PTFE vs. PEEKJohn Moot
High-performance plastics are characterized primarily by their temperature resistance, but also by their mechanical properties.
They are often chosen for applications that require good chemical resistance, performance at high temperatures, low coefficient of friction and high strength.
They are found in many demanding applications in a variety of industries including oil and gas, aerospace, nuclear and chemical, but how do you decide which material has the properties needed for your specific application?
Although both PTFE and PEEK are well established in their respective fields, the question often arises as to which material is better suited for a particular application. OEMs typically need to make a selection based on technical suitability and therefore need to be better informed on how these materials compare.
What’s in PTFE’s favor?
PTFE is a versatile and cost-effective material with medium tensile strength. It has very good thermal properties and excellent chemical inertness, especially to strong acids. The coefficient of friction is unusually low and is said to be lower than any other solid material. PTFE is an excellent electrical insulator over a wide range of temperatures and frequencies.
PTFE is a thermoplastic. However, due to its high viscosity, PTFE cannot be processed using conventional polymer processing techniques. Therefore, PTFE is processed by cold forming followed by heat treatment (sintering), which fuses the polymer particles into a solid molded part.
PTFE films are peeled from such blocks.
Applications of PTFE:
- Pharmaceutical and medical technology
- Chemical industry
Delivery forms of PTFE:
Sheets, tubes, rods, films, finished parts.
Properties of PTFE:
- High chemical resistance
- Minimal surface tension
- Difficult to bond or weld
What are the advantages of PEEK?
PEEK is a semi-crystalline thermoplastic with excellent mechanical and chemical resistance properties that are maintained even at high temperatures. It is highly resistant to thermal degradation and to attack by organic and aqueous environments.
PEEK is attacked by halogens and strong acids, as well as by some halogenated compounds and aliphatic hydrocarbons at high temperatures. It dissolves completely in concentrated sulfuric acid at room temperature.
PEEK can be processed by conventional methods such as injection molding, extrusion and compression molding. PEEK is a much more expensive polymer, but adds value by allowing parts to be made with properties such as light weight, strength or toughness, and the ability to survive longer in harsh environments.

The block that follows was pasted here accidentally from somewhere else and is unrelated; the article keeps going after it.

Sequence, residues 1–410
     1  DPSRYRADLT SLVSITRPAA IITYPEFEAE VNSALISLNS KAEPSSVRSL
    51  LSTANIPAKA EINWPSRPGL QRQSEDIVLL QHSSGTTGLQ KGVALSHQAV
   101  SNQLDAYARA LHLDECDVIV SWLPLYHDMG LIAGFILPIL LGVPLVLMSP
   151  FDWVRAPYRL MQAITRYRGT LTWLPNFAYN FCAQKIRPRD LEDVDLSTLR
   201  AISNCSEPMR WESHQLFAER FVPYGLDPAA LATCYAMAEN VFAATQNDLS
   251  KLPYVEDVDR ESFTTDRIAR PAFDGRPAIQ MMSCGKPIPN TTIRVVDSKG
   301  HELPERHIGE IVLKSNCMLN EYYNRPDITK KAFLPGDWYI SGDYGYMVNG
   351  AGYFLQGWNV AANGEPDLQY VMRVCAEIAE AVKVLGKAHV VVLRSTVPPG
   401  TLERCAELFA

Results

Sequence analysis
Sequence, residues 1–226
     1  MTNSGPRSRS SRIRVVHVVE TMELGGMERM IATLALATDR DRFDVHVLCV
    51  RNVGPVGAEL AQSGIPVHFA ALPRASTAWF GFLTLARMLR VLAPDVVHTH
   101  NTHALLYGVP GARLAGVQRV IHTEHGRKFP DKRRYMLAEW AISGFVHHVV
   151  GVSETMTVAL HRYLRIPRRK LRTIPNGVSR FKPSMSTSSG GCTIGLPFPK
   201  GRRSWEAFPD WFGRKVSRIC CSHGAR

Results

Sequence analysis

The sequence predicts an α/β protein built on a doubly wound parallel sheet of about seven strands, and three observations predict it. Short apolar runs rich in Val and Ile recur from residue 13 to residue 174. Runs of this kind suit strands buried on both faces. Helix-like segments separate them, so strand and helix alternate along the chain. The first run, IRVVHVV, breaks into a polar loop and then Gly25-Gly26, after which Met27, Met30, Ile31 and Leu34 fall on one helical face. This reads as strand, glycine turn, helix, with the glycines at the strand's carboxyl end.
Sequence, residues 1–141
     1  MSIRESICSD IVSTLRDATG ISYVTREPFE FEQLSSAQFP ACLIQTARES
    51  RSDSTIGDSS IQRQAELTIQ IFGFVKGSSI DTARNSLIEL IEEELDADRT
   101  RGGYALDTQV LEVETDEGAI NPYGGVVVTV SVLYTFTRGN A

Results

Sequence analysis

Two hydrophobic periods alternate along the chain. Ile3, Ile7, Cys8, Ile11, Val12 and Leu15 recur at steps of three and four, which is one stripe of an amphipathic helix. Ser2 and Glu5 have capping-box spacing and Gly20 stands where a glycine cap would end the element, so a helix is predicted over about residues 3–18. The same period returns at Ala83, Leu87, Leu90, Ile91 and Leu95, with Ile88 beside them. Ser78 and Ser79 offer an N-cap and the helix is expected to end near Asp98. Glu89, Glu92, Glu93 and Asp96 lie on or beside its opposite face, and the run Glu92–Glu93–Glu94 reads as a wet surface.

Applications for PEEK:
- Food industry
- Medical technology
Delivery forms of PEEK:
Sheets, tubes, rods, foils, finished parts
Properties of PEEK:
- High chemical resistance
- Excellent sliding function
- Very high temperature resistance
PEEK vs. PTFE
PEEK and PTFE are compared in 4 areas:
- Tensile strength
- Temperature resistance
- Wear resistance
- chemical resistance
PEEK vs. PTFE: High tensile strength
In the polymer field, it’s hard to find anything tougher than PEEK. In fact, it’s so strong that PEEK is subject to the same machining guidelines as metals.
This strength allows PEEK to be used in applications such as seals and automotive components – especially where metals cannot be used but metal-like resistance is required.
PEEK vs. PTFE: High temperature resistance
PEEK melts at about 400 degrees Fahrenheit and is capable of operating in environments of 300-325 degrees without deforming. While PTFE can withstand up to 250 degrees, any pressure/stress on PTFE at this temperature will inevitably cause deformation. In the case of PEEK, its hardness allows it to be used in a high-stress, high-temperature environment without losing its molding properties.
PEEK vs. PTFE: High wear resistance
Again, while both PTFE and UHMWPE can withstand significant wear, PEEK has a high PV value and can withstand wear in harsh physical and chemical conditions.
PEEK vs. PTFE: Chemical Resistance.
While PEEK is not on the same level as PTFE in terms of pure chemical inertness, it does exhibit resistance to many aggressive chemicals, allowing it to be used in corrosive environments and under heavy loads.
In short, PEEK’s ability to remain dimensionally stable under harsh conditions makes it a highly sought-after polymer. OEMs that use PEEK do so knowing full well that PEEK is unique for the properties it offers and therefore expensive.
In summary, PEEK has remained a niche polymer primarily because of its high price. If it were cheaper – at about the price of PTFE – it could capture a significant portion of the PTFE market. PTFE is still much better than PEEK in properties such as coefficient of friction and dielectric strength, but when it comes to pure strength, PEEK is unsurpassed among polymers.